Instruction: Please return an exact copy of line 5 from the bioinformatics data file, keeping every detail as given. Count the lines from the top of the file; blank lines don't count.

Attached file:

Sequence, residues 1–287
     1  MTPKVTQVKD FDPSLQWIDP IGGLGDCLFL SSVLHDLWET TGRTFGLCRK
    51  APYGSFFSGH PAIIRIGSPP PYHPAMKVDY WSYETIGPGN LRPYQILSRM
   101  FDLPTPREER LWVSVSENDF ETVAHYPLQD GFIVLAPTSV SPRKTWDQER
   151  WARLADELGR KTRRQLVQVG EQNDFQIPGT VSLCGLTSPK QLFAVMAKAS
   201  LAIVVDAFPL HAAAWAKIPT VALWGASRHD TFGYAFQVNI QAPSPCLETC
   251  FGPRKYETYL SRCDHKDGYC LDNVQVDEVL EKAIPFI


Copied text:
   151  WARLADELGR KTRRQLVQVG EQNDFQIPGT VSLCGLTSPK QLFAVMAKAS